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A visual search asymmetry for novelty in the visual field based on sensory adaptation

Morgan, M. J. ORCID: 0000-0002-9495-1274 & Solomon, J. A. ORCID: 0000-0001-9976-4788 (2020). A visual search asymmetry for novelty in the visual field based on sensory adaptation. Attention, Perception and Psychophysics, 82, pp. 938-943. doi: 10.3758/s13414-019-01943-w


The ability to detect sudden changes in the environment is important for survival. However, studies of “change blindness” have shown that image differences are hard to detect when a time delay or a mask is imposed between the different images. However, when sensory adaptation is permitted by accuratefixation, we find that change detection is not only possible but asymmetrical: a single changed target amongst 15 unchanging distractors is much easier to detect than a target defined by its lack of change. Although adaptation may selectively reduce the apparent contrast of unchanged objects, the asymmetry in “change salience” cannot be attributed to any such reduction because genuine reductions in target contrast increase, rather than decrease, target detectability. Analogous results preclude attribution to apparent differences between a) target onset and distractor onset and b) their temporal frequencies (both flickered at 7.5 Hz, minimizing afterimages). Our results demonstrate a hitherto underappreciated (or unappreciated) advantage conferred by low-level sensory adaptation: it automatically elevates the salience of previously absent objects.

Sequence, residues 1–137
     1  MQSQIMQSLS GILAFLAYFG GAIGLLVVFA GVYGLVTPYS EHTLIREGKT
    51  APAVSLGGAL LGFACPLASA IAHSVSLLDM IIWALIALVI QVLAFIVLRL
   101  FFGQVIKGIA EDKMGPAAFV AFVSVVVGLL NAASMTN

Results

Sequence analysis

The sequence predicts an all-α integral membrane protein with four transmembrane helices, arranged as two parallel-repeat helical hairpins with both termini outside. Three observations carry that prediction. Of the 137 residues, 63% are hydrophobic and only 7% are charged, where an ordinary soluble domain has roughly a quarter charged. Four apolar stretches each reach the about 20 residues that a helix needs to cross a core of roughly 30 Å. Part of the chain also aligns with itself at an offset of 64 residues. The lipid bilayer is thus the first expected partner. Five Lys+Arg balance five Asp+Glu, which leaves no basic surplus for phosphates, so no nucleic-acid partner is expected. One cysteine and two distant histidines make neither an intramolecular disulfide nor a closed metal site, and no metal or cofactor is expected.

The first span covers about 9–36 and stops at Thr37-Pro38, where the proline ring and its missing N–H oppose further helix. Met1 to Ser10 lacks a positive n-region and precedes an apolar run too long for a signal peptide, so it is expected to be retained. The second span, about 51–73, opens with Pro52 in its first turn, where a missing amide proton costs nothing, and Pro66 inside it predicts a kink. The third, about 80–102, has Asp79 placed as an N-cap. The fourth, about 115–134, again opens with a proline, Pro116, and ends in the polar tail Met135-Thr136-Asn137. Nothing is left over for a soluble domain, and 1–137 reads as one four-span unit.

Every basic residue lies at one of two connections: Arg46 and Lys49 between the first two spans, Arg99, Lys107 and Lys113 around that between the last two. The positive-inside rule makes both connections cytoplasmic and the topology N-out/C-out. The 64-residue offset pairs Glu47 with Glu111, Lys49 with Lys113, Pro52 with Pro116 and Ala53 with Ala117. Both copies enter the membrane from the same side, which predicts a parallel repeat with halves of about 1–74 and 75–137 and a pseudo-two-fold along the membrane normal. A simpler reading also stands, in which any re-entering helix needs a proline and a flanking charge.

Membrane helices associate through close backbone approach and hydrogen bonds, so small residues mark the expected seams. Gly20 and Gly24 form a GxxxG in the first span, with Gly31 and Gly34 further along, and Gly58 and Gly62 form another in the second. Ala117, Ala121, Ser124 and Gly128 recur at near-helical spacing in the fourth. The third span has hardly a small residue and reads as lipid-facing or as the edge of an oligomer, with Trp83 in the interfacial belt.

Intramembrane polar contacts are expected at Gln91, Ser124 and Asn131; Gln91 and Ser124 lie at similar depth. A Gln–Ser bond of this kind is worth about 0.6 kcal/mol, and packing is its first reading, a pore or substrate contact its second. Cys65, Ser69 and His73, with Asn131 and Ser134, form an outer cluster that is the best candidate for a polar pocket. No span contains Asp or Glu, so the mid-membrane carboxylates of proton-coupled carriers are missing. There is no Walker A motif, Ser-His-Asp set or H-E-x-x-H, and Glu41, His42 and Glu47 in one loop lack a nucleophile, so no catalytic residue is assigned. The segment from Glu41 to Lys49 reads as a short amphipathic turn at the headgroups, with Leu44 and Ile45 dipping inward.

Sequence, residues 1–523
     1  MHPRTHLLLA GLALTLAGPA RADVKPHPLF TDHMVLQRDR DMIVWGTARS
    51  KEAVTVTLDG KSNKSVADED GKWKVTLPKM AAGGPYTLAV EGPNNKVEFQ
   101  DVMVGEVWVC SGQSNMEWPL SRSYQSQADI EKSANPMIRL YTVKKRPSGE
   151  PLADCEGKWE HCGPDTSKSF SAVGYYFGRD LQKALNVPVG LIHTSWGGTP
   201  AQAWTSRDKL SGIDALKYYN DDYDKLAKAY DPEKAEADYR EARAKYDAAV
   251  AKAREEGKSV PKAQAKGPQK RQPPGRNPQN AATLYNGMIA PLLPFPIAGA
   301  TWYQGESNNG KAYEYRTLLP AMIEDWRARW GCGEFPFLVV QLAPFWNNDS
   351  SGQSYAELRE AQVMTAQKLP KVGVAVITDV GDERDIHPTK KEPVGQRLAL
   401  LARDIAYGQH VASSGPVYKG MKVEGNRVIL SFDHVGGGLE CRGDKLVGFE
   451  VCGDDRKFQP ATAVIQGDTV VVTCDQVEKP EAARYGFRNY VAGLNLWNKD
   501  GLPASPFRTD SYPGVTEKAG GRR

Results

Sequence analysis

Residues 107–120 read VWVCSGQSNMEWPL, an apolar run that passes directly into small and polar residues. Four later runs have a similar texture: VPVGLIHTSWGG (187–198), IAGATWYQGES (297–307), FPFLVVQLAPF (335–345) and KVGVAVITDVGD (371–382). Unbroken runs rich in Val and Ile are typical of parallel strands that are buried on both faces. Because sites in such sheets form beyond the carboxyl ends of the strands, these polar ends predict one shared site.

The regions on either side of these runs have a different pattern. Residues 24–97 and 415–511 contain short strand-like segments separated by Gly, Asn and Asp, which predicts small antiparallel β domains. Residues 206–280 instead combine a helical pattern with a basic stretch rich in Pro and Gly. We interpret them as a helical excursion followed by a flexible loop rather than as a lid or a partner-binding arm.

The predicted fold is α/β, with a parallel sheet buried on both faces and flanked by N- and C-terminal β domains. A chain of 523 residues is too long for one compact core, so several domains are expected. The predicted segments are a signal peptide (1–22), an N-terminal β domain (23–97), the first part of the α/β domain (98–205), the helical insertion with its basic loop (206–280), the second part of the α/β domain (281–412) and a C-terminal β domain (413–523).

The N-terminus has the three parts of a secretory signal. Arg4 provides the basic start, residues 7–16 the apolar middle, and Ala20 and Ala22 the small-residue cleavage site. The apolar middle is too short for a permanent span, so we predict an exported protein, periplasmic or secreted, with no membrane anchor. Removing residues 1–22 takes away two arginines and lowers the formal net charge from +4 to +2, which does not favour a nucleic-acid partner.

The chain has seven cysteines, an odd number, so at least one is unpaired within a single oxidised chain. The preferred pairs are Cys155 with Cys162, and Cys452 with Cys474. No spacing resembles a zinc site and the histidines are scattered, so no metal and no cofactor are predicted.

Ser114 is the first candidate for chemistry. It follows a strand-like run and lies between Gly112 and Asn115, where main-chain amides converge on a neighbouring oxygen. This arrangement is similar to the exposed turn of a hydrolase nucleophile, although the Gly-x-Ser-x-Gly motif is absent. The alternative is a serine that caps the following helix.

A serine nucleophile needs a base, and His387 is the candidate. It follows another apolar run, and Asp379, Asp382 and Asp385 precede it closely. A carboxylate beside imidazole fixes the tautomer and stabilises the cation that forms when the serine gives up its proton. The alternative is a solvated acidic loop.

Publication Type: Article
Additional Information: Copyright The Author(s) 2020. This article is licensed under a Creative Commons Attribution 4.0 International License, which permits use, sharing, adaptation, distribution and reproduction in any medium or format, as long as you give appropriate credit to the original author(s) and the source, pro- vide a link to the Creative Commons licence, and indicate if changes were made. The images or other third party material in this article are included in the article's Creative Commons licence, unless indicated otherwise in a credit line to the material. If material is not included in the article's Creative Commons licence and your intended use is not permitted by statutory regulation or exceeds the permitted use, you will need to obtain permission directly from the copyright holder. To view a copy of this licence, visit
Publisher Keywords: Aftereffect . Popout . Change blindness
Departments: School of Health & Psychological Sciences > Optometry & Visual Sciences
Text - Published Version
Available under License Creative Commons Attribution.

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